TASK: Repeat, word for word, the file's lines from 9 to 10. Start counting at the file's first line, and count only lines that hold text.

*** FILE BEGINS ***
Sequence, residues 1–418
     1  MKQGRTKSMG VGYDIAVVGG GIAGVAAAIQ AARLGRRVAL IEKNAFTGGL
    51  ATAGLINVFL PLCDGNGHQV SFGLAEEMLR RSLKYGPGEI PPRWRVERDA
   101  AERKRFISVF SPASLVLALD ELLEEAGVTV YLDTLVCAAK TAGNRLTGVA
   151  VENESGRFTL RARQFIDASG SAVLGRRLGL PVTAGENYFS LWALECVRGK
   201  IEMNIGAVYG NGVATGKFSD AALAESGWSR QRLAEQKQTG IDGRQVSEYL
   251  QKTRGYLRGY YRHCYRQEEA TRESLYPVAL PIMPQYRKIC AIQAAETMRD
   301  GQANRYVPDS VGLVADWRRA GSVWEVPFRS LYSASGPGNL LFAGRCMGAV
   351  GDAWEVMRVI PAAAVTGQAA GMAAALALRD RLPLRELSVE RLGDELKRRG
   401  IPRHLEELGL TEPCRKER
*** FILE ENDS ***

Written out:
   351  GDAWEVMRVI PAAAVTGQAA GMAAALALRD RLPLRELSVE RLGDELKRRG
   401  IPRHLEELGL TEPCRKER